One in four unemployed offered zero hours contracts

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Almost one in four unemployed adults surveyed in the UK has been offered a zero hours contract, according to new research from jobs and recruitment marketplace Glassdoor.

However, almost half of people offered such jobs have turned them down. Zero hours contracts mean employees work only when they are needed and pay depends on how many hours they work.

The main reasons cited for rejecting zero hours contracts were:
– The need to receive a guaranteed level of income in order to stop receiving benefits (54 percent)
– Lack of trust towards employers offering this type of contract (44 percent)
– Unhappiness with the irregular working hours these contract offer (30 percent)
– Negative press coverage about them (13 percent).

The research also reveals that 45 percent of unemployed people surveyed feel that these contracts are exploitative and 39 percent would like to see them abolished. More than one in three feel these contracts are only beneficial for employers. When it comes to how dedicated zero hours employees are, 25 percent claim it would make them work harder as they would want to move over to a permanent contract. However, 18 percent feel they wouldn’t work as hard as their colleagues if they felt they had an inferior contract.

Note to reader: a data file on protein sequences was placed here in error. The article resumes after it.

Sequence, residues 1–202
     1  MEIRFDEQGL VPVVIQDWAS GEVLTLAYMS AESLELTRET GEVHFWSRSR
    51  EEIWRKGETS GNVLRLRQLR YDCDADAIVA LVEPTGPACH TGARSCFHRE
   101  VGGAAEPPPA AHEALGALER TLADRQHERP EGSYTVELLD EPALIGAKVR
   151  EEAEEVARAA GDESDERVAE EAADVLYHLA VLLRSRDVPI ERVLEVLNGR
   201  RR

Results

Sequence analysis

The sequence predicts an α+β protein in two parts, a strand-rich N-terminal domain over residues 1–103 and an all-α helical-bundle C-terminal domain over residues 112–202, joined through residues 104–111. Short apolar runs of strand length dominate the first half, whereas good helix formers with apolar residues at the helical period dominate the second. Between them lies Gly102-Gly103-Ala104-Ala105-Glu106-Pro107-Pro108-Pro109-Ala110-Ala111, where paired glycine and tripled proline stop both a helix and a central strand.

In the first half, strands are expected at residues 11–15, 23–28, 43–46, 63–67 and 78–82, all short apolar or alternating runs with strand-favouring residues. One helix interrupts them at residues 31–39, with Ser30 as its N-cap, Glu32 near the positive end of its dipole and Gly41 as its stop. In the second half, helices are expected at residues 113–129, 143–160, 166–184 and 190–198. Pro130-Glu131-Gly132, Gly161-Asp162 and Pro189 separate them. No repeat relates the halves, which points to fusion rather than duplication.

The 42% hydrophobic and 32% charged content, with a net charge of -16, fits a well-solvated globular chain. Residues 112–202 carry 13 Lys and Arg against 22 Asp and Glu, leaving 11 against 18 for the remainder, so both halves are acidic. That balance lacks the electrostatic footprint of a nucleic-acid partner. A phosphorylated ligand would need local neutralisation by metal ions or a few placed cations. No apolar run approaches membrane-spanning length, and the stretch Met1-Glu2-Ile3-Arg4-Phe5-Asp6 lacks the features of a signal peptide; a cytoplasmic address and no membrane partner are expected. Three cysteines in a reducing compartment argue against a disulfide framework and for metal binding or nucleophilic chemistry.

Fifty three percent of currently unemployed people who were offered a zero hours contract in the past accepted it. For many this wasn’t necessarily a positive move, more a necessity. More than two thirds simply needed the money at the time the zero hours contract was offered, 37 percent had no choice and more than one in four needed the work experience. However, on a more positive note, 22 percent claimed the job was just a stop-gap so the type of contract wasn’t an issue. Approximately one in five saw the contract as a positive and the flexibility that it offers suited them. Over one in 10 of those who accepted would prefer to take a job than claim benefits.

The likelihood of rejecting this type of contract is influenced by the length of time the individual has been out of work. One in four (25 percent) of those that have been unemployed for 6-12 months would say no to an offer of this type, rising to 33 percent of those unemployed for one to two years. This sentiment grows to 76 percent of those that have been unemployed for more than ten years, unwilling to accept a zero hours contract.

The survey reveals older workers are less keen to accept zero hours contracts. It shows that 40 percent of unemployed adults would accept a zero hours contract if they were offered one. This compares to 47 percent of 16-24 year olds, 50 percent of 25-34 year olds, 35 percent of 35-44 year olds, 29 percent of 45-54 year olds and 24 percent of those aged 55 years or older.

One in five of those surveyed do not know what a zero hours contract is, with 28 percent of those who are out of work in London not being aware compared to just 13 percent in the Midlands.





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